Franconia – a very special fusion of medieval towns and villages, scenic beauty and an almost mediterranean climate with a centuries-old tradition of wine making and people who fully appreciate all that the region has to offer. Würzburg wines from Franconia were Johann Wolfgang von Goethe's favourite tipple. At the same time, Franconia is the embodiment of a 21st century wine region with wines that win international awards and cutting-edge wine-making facilities.

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The Baden region produces top-quality wines

Baden is a remarkable wine region. Shielded by the Odenwald hills and the Black Forest on one side and the Vosges mountains on the other, it enjoys the sunniest and warmest climate in Germany, with temperatures that are almost mediterranean. This balmy climate and fertile soil have given rise to some of the best vineyards in Europe. Outstanding wines, delicious food and a warm welcome are the hallmarks of the Baden experience. The region is a magnet for those with refined tastes.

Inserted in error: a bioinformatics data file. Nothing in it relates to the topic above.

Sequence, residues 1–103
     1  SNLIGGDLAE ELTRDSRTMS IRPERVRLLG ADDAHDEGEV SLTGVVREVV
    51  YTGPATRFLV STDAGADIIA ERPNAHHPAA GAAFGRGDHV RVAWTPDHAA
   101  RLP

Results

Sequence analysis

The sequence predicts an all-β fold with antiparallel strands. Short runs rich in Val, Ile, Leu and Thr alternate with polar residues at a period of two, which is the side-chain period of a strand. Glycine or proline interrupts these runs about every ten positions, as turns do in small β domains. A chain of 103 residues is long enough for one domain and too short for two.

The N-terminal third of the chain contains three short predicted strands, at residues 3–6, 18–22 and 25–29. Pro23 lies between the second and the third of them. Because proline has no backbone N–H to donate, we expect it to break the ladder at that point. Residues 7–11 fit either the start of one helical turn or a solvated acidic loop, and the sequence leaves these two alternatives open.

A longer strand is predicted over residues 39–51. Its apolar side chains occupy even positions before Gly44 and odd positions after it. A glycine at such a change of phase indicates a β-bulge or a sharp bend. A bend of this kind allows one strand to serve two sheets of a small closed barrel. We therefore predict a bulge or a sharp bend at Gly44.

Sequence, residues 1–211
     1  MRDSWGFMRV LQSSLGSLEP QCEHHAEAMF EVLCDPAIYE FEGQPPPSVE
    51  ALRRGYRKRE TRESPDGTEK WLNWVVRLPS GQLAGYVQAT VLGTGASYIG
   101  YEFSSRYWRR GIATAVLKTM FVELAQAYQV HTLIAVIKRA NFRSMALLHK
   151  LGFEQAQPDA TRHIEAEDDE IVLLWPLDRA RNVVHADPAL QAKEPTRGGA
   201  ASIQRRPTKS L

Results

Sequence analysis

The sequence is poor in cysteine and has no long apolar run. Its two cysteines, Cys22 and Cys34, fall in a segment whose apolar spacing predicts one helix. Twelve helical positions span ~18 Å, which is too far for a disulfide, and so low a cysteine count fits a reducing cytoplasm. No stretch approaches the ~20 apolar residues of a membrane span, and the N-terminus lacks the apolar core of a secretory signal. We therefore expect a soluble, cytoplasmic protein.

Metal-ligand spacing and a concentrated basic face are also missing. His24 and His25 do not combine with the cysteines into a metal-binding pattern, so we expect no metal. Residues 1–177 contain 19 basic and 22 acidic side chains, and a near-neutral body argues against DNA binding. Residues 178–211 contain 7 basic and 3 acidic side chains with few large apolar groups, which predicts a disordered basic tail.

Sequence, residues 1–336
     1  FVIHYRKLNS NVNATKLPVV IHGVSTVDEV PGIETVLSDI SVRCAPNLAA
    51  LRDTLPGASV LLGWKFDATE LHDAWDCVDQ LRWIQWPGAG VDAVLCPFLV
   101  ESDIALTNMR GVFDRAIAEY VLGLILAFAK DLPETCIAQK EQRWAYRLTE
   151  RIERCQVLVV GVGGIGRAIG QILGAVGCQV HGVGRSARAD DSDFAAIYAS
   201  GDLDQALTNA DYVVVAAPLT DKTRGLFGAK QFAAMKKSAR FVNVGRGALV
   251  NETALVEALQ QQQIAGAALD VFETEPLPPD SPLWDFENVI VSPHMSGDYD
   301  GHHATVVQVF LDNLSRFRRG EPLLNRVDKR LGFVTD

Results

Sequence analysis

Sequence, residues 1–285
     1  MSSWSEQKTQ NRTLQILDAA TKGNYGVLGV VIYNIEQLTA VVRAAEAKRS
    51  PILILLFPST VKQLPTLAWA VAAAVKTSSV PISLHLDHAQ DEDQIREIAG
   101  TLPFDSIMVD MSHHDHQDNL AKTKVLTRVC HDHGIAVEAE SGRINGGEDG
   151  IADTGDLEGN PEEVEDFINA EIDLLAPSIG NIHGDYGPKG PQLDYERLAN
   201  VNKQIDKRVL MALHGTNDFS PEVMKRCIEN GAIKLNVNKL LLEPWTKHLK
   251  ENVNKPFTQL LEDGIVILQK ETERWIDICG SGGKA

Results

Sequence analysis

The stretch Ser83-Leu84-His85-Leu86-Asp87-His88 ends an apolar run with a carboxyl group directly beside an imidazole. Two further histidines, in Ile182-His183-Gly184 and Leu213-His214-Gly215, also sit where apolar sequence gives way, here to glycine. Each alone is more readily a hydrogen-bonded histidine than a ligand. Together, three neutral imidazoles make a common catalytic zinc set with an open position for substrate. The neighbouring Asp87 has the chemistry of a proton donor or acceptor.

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Welcome to the Ahr wine-making region, renowned for its red wines

The Ahr river twists and turns its way through a rocky landscape where lush vineyards cling to the bare stone. The ancient Romans appreciated the favourable climate of this wild, romantic valley, and were the first to cultivate grapes there. As well as pinot noir, the queen of the red grapes, the region's specialities include the equally prized, early-ripening pinot madeleine. Great effort is required to product top wines on the steep slopes above the Ahr river, but it is more than repaid by the high quality of the wines.